07 March 2006

No Goat Left Behind

The school where I teach is in a pretty rural area of New Mexico, home to children of ranchers, farmers, and migrant workers. More than two-thirds of the students come into middle school unable to read at grade level, and (as I discuss below) at the high school level, 27% of the student body can't pass Algebra I. For two and a half years, I've told myself that it's because they're farm kids. They're ranch kids. This book larnin' doesn't much apply to their lives. And that's fine.

Because it's a rural school, many of the teachers also come from farms and ranches, and this time of year the school counselor often brings in baby goats that were born that morning and need special attention to live through the day. I love this about Moriarty. It reminds me of my own childhood, where my classmates would often bring in baby farm animals for show and tell. My elementary school saw everything from baby geese to baby horses -- kitties, pigs, goats, sheep, calves, puppies, etc. I feel very comfortable and happy in a school full of farm animals. (Insert joke about middle school being the perfect place for me, ha ha.) In my ideal world, there would be animals in every school. I think it's healthy, and of course Dewey et al advocate for making connections between school and "real" life.


Last Friday, one of my students informed me that the counselor had brought her "puppy" [GOAT!] to school. Which reminded me of last spring, when another of my students saw the Registrar's calico-colored goat tripping around the schoolyard and asked me, "Whose kitty is that?" I said, "Sweetie, cats don't have HOOVES."

Seriously? I'm supposed to make more than two years of growth in reading levels with farm kids who can't even tell the difference between a CAT and a GOAT??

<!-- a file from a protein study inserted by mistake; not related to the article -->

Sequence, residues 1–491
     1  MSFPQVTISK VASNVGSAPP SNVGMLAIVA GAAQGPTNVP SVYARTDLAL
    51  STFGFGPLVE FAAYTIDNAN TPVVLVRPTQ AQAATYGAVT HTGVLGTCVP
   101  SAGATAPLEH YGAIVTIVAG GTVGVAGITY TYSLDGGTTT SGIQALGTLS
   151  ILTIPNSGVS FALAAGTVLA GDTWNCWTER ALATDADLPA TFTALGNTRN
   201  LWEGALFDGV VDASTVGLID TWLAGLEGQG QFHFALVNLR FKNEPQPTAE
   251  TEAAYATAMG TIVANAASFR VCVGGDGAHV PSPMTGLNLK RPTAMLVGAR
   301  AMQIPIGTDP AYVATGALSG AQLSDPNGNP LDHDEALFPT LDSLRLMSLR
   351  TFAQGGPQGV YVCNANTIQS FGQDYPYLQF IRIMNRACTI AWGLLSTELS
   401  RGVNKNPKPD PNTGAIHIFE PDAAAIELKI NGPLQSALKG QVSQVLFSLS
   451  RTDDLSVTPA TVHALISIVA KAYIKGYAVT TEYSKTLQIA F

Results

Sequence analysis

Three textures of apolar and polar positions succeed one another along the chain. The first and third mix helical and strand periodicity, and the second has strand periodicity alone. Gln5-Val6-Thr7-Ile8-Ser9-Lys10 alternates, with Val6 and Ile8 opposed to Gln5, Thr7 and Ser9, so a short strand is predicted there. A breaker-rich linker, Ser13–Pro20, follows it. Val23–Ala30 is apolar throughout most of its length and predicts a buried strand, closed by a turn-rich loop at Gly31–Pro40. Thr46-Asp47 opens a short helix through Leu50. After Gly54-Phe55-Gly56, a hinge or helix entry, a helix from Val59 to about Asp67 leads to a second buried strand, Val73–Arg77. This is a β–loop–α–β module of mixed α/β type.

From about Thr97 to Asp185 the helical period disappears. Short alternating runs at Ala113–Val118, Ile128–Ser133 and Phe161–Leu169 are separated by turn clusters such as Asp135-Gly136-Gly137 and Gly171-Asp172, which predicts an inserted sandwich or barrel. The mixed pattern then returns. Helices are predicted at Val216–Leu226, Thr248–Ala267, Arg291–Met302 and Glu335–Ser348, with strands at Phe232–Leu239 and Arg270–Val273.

-- Ms. Backes, this class is pretty bad, huh?
-- Mmmm.
-- Are you going to put us all in ISS?
-- No, but I might just quit my job and run away to Mexico. And then you'll be stuck with a mean teacher who will yell at you.
-- What?? NOOOOOOO!! You guys, get to work or Ms. Backes will run away!
-- You can't run away, Ms. Backes! You're my favorite teacher!
-- Yeah Ms. Backes, you have to be here so I can have you next year after I flunk 8th grade!
-- How flattering.


The New Mexico PED (public education department) just handed down requirements that students be able to pass Algebra, Algebra II, and Geometry in order to graduate. But. 27% of the students at MHS can't even pass Algebra, much less Geometry and Algebra II. So increasing numbers of students are opting to drop out and just get their GEDs. Which would be fine, except for the fact that drop-out rates and graduation rates affect adequate yearly progress (AYP) under NCLB, so as long as we have such a high drop-out rate, there's literally no way we can make AYP, but as long as we require that the student body make it all the way through Algebra II in order to graduate -- when on the GED all they have to do is basic skills -- our drop out rates will remain high. And the thing is, [ Nathand], a great number of our kids *will* grow up to be mechanics and waitresses and small business owners and ranchers and moms. Is it right to force these kids to take Algebra II when they honest-to-god will never use it? Why can't they take an alternate math -- we used to offer "Business Math I" and "Business Math II." Moreover, is it right to punish the 73% of the school who can pass Algebra because the 27% chooses not to put up with the hoop-jumping bullshit and takes their future into their own hands? As long as the GED kids are dropping out, our school will never make AYP, and within a number of years -- two, three -- our high school will be at the highest level of "school improvement," meaning that the government can come in and replace the entire staff of Moriarty High School. At which point, I sincerely believe, the government is just as likely as not to outsource that job to independent corporate contractors (think "rebuilding" Iraq) and suddenly our school will be just another franchise in a long line of failing schools.

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